When reporting about “insect decline,” the mass media have often referred to the “windscreen phenomenon”: people’s perception that there are fewer insects being splattered on the windscreens of their cars now compared to some decades ago. The new study confirms this observation, at least on average. Last author Jonathan Chase, professor at iDiv and MLU, said: “Many insects can fly, and it’s those that get smashed by car windshields. Our analysis shows that flying insects have indeed decreased on average. However, the majority of insects are less conspicuous and live out of sight — in the soil, in tree canopies or in the water.”
For the new study, the researchers also analysed data from many of these hidden habitats. This showed that on average, there are fewer insects living in the grass and on the ground today than in the past — similar to the flying insects. By contrast, the number of insects living in tree canopies has, on average, remained largely unchanged.
Freshwater insects have recovered
At the same time, studies of insects that live (part of) their lives under water, like midges and mayflies, showed an average annual increase of 1.08%. This corresponds to a 38% increase over 30 years. This positive trend was particularly strong in Northern Europe, in the Western US, and since the early 1990s, in Russia. For Jonathan Chase this is a good sign. He said: “These numbers show that we can reverse these negative trends. Over the past 50 years, several measures have been taken to clean up our polluted rivers and lakes in many places across the world. This may have allowed the recovery of many freshwater insect populations. It makes us hopeful that we can reverse the trend for populations that are currently declining.”
Roel van Klink added: “Insect populations are like logs of wood that are pushed under water. They want to come up, while we keep pushing them further down. But we can reduce the pressure so they can rise again. The freshwater insects have shown us this is possible. It’s just not always easy to identify the causes of declines, and thus the most effective measures to reverse them. And these may also differ between locations.”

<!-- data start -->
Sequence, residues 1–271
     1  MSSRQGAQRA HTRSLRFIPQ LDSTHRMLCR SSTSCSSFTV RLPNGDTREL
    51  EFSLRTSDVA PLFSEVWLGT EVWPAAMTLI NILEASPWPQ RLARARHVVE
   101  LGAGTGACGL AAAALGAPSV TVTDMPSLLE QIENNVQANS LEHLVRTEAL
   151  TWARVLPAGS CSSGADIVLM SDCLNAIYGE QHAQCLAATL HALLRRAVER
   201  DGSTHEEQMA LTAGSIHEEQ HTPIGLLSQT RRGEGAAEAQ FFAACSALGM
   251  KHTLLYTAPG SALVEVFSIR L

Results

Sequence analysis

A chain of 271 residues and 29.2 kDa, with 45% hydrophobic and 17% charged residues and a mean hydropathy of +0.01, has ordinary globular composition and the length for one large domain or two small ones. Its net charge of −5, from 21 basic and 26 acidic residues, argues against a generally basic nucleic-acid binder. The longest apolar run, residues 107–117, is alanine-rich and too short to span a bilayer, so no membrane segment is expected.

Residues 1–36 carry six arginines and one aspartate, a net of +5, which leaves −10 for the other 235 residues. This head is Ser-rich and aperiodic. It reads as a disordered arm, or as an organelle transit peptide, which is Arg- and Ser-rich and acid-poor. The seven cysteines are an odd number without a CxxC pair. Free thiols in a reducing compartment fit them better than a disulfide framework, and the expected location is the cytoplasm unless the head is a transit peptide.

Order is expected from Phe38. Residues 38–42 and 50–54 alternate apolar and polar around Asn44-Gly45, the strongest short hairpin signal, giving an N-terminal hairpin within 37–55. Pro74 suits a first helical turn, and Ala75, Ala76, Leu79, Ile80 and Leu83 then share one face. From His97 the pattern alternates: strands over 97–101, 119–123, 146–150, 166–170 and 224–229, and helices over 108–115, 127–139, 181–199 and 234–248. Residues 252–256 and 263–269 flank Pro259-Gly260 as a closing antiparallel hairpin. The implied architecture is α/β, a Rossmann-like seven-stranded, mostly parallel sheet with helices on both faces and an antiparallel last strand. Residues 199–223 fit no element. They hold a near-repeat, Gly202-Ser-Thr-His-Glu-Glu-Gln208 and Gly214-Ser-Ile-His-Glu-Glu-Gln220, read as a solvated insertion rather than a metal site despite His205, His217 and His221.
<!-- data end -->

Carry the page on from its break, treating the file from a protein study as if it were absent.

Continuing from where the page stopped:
No simple solutions
Ann Swengel, co-author of the study, has spent the last 34 years studying butterfly populations across hundreds of sites in Wisconsin and nearby states in the US. She stresses how complex the observed abundance trends are and what they mean for effective conservation management: “We’ve seen so much decline, including on many protected sites. But we’ve also observed some sites where butterflies are continuing to do well. It takes lots of years and lots of data to understand both the failures and the successes, species by species and site by site. A lot is beyond the control of any one person, but the choices we each make in each individual site really do matter.”
Habitat destruction most likely causes insect declines
Although the scientists were unable to say for certain exactly why such trends — both negative and positive — emerged, they were able to point to a few possibilities. Most importantly, they found that destruction of natural habitats — particularly through urbanisation — is associated with the declines of terrestrial insects. Other reports, such as the IPBES Global Assessment, also noted that land-use change and habitat destruction are a main cause of global biodiversity change.
This new study was made possible by iDiv’s synthesis centre sDiv. It is currently the most comprehensive analysis of its kind. It depicts the global status of insects and shows where insect protection is most urgently needed.